New species of toad discovered in U.S. for 1st time in 50 years

For the first time in 50 years, a new species of toad has been discovered in the United States.

Scientists this week announced the discovery of the Dixie Valley toad that lives only in a small, 2-square-mile area of Churchill County in northern Nevada. The critter lives near where thermal springs bubble up, which has created a rare wetland area in an otherwise extremely arid landscape. 

Along with the discovery, scientists in the study said the new species is already threatened by the proposed development of a nearby geothermal energy facility, the Dixie Meadows Geothermal Utilization Project.

“We are in favor of renewable energy, including geothermal, but the location of this project is not appropriate,” said study co-author Eric Simandle of Paul Smith's College in New York.

The proposed geothermal project could sap the wetlands of water, potentially destroying the toads’ habitat, Simandle added. The Bureau of Land Management (BLM) is reviewing the proposed facility.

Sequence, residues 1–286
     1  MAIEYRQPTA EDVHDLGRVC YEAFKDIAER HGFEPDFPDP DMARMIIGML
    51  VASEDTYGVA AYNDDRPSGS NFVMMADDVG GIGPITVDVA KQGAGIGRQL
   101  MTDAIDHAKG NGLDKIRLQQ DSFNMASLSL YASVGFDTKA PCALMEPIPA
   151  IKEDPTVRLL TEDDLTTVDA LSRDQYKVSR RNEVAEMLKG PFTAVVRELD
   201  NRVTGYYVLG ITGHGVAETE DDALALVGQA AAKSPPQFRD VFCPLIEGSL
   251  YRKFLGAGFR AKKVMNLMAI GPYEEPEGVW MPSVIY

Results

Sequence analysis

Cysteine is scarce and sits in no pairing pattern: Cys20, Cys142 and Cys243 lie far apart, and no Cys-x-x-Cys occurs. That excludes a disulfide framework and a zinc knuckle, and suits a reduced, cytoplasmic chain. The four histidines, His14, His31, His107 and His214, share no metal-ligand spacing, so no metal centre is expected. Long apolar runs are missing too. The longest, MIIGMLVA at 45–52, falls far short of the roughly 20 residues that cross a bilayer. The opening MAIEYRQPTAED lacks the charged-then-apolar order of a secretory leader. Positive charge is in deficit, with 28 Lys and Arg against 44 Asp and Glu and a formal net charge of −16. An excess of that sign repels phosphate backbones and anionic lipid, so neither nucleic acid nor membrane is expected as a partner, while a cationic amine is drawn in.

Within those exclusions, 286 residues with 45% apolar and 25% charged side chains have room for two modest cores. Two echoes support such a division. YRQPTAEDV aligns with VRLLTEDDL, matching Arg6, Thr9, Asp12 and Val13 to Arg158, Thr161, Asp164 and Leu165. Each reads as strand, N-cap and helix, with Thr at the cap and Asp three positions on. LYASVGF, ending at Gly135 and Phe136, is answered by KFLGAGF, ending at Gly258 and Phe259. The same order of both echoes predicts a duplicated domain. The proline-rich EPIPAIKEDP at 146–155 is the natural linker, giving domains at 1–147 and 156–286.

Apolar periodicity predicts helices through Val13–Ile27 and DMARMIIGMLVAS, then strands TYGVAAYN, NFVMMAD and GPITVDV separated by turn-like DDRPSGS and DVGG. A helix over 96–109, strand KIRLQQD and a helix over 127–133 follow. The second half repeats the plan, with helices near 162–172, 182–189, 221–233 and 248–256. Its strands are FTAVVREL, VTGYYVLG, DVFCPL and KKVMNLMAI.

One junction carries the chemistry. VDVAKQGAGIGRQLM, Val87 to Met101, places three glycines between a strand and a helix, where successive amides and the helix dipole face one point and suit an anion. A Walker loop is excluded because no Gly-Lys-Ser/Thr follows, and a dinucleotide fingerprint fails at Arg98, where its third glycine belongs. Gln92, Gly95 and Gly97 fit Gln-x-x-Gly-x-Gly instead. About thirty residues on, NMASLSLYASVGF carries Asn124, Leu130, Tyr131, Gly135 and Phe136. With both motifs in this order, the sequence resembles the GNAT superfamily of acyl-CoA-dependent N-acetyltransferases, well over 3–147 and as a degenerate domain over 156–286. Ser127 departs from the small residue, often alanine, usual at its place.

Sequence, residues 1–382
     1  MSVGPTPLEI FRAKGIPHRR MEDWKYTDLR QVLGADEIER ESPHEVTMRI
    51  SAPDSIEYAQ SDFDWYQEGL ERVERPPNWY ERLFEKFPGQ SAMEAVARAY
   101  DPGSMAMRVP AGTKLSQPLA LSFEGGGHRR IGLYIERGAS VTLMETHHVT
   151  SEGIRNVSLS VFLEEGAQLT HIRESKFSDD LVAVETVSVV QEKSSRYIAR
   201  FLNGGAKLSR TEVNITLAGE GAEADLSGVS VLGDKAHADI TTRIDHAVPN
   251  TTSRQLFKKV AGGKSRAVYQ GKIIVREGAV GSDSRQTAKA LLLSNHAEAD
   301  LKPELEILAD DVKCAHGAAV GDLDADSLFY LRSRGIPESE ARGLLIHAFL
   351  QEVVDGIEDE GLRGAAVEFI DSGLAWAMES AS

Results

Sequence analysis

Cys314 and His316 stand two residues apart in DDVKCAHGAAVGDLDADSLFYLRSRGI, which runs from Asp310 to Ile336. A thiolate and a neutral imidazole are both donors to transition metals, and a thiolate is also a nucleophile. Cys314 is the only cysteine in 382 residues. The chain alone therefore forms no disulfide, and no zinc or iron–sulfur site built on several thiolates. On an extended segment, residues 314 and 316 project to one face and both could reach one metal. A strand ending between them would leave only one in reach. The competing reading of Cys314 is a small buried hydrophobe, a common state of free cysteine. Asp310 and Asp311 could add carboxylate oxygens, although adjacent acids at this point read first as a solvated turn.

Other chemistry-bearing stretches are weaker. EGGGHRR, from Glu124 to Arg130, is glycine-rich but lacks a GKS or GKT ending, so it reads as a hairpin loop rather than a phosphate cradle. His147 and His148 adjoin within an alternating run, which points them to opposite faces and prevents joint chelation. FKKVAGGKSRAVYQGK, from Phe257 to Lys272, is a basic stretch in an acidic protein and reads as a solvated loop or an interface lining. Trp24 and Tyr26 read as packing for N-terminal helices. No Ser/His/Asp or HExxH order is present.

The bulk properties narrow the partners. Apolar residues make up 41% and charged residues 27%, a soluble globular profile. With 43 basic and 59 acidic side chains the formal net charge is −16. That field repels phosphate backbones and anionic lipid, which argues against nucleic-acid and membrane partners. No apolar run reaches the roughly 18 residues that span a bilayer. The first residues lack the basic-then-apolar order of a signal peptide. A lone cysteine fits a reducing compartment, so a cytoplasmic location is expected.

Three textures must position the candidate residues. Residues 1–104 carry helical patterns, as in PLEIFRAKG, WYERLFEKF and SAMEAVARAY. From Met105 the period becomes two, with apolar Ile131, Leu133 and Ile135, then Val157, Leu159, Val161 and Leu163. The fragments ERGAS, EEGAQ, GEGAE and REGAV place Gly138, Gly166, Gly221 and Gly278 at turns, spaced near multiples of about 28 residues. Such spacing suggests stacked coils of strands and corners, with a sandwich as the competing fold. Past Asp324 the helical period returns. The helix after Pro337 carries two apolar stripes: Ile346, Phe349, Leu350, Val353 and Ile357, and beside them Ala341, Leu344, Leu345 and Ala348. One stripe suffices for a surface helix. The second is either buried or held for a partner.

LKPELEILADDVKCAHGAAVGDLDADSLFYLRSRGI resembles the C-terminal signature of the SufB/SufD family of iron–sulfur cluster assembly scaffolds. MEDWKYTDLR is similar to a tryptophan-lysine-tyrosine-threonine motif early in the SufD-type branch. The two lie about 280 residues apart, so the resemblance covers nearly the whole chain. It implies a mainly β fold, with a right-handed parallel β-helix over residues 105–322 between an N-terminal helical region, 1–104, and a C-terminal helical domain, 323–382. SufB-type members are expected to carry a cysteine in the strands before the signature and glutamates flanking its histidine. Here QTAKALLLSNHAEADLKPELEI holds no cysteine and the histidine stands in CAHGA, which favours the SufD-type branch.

The Center for Biological Diversity, an environmental group, has joined the fight to save the toad. “We hope the BLM will recognize the importance of this new toad and go back to the drawing board on its review of the Dixie Meadows Geothermal Project,” said Jenny Loda, a center attorney and scientist focused on protecting amphibians and reptiles.

“It’s horrible to think that we may lose this new species just as we’re beginning to learn about it," Loda said.

The discovery of the toad was announced in the journal Zootaxa.

© 2017 USATODAY.COM


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